Where loan origination is fragmented, payments get made to intermediaries for the services provided.  In some cases, those payments are clearly disclosed to borrowers as fees on the loan.  However, most of the time the cost of paying the intermediary is built into the borrower’s interest rate.  In the mortgage world, this is called yield-spread premium (YSP).  In auto and recreational lending, it is called dealer reserve.  In home improvement lending, it is most often called dealer participation.

In the aftermath of the market crash and the Great Recession, the Consumer Financial Protection Bureau (CFPB) was created and they took a close look at mortgage originations.  An end result among many was the elimination of the yield-spread premium method of compensating originators.  Why?  To move origination charges out of their “hidden” location in the interest rate, and to eliminate incentives to charge the consumer more in order to increase the originator’s compensation.

Lending industry folks might have thought that was the end of the story.  I don’t know about you, but I’ve never met a powerful regulatory agency that doesn’t like the feel of flexing its muscles.  After spending some time on credit cards, the CFPB’s attention turned to auto dealers and the dealer reserve.  In March of 2013, the CFPB fired a shot across the bow of auto finance.  Though the Bureau does not have a specific rule addressing auto dealer compensation, they decided to use anti-discrimination laws to enforce their will.  This is a very effective approach in that it ropes in the lenders and makes them responsible for dealer practices.  Oh, and just in case you were thinking that intention matters when discrimination is alleged, the CFPB made it clear in August that intention is irrelevant.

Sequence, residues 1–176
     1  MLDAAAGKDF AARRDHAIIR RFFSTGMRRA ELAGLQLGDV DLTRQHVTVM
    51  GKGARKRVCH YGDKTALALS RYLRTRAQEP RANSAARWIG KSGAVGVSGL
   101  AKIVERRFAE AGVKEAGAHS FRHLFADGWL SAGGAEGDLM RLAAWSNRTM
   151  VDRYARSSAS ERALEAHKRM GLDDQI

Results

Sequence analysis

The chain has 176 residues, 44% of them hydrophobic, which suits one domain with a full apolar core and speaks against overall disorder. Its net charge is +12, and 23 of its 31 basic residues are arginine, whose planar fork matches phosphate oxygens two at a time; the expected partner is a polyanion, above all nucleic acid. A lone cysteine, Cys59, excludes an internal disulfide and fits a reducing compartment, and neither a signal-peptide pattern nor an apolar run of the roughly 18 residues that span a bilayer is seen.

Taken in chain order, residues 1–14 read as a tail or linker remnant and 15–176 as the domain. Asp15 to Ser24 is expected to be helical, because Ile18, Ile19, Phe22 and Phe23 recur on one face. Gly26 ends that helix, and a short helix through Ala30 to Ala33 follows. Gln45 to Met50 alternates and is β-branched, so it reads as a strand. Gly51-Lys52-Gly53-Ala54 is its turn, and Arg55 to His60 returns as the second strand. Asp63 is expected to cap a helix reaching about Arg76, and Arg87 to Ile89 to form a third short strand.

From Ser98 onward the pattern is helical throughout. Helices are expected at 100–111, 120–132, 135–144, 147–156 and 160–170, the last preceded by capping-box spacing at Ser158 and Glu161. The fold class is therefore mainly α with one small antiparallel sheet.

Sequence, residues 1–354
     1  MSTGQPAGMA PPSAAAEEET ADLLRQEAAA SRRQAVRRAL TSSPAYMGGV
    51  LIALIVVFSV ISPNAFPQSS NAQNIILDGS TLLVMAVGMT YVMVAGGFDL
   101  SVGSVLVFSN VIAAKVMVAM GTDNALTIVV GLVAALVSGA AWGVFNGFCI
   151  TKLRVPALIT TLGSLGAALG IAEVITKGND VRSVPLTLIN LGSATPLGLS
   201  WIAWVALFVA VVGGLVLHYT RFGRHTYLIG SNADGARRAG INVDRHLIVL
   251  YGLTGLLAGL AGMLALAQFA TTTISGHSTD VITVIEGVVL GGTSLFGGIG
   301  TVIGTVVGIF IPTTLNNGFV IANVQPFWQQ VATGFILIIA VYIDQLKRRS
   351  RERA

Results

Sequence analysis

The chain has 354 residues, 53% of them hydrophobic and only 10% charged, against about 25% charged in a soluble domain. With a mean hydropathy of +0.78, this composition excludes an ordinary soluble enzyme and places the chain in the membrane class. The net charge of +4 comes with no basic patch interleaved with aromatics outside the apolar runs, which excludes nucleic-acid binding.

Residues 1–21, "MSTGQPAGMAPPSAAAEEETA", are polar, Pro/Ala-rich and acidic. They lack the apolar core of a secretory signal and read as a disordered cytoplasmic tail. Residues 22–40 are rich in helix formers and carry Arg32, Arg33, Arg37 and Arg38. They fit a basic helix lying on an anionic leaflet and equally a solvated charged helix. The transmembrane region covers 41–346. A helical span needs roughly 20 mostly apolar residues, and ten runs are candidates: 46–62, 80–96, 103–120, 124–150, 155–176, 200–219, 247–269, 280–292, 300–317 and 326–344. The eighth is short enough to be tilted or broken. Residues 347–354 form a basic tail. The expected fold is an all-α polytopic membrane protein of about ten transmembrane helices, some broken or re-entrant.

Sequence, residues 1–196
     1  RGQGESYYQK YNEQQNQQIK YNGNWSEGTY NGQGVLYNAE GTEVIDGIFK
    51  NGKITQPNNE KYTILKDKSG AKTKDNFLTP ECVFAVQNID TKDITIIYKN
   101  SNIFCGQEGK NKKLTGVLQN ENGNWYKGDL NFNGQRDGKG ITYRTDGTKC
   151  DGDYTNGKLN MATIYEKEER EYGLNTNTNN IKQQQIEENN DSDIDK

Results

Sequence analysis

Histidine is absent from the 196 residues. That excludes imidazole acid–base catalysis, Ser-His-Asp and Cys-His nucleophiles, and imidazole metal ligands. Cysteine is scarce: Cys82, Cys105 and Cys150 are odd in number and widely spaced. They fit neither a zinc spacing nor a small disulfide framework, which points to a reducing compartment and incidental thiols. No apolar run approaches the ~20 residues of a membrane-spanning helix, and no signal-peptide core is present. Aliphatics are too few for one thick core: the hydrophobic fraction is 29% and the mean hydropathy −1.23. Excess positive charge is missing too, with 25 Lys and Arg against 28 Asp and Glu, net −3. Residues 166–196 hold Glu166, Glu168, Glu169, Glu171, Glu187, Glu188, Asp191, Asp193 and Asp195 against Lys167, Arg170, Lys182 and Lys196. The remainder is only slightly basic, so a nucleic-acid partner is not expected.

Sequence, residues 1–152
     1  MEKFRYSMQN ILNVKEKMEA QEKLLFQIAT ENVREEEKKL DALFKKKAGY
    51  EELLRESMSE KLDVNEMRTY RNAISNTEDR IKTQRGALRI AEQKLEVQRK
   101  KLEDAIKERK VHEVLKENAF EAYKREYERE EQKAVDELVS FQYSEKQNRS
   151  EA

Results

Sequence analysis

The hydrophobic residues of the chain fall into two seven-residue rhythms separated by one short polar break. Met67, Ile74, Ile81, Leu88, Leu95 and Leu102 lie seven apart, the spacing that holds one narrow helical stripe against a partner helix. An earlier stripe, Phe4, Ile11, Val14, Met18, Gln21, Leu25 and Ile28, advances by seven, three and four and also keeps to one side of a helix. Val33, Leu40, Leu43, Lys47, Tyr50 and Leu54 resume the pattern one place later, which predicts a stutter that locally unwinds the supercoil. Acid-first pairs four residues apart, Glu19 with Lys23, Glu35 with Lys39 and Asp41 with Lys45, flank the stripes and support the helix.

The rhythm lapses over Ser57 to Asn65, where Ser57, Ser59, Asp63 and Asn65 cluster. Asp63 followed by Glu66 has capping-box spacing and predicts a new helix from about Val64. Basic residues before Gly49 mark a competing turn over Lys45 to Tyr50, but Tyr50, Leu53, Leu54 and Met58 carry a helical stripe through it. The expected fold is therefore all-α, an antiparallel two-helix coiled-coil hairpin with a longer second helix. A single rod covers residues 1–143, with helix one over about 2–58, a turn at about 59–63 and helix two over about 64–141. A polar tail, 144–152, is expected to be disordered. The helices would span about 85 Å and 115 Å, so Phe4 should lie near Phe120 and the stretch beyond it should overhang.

“Lenders should not assume that they may be liable only when they have actual knowledge of discrimination by a particular dealer.”

That’s a serious threat.

If you’ve been around the block a couple times, you know that auto dealers carry a lot of political weight.  After some agitation in the halls of power, Congressional leaders challenged the CFPB to explain their actions.  Well, the CFPB responded and they aren’t showing signs of backing down.  Like savvy poker players, they’ve even doubled down, announcing that they’ve referred four lenders to the Justice Department over discriminatory practices by auto dealers.

I’m no Nostradamus, but I can’t imagine this is going to turn out well for auto dealers or lenders.  In order to reign in the CFPB on this front, they may have to be reigned in altogether.  Does anyone think this Congress is prepared to do that, especially so close to the crisis that spawned the agency?

Probably not.  Frankly, if I were a home improvement contractor relying on participation, I’d find a way to eliminate it.  Like railroads at the advent of mass airline travel, it appears interest rate-based payments to dealers may be living on borrowed time.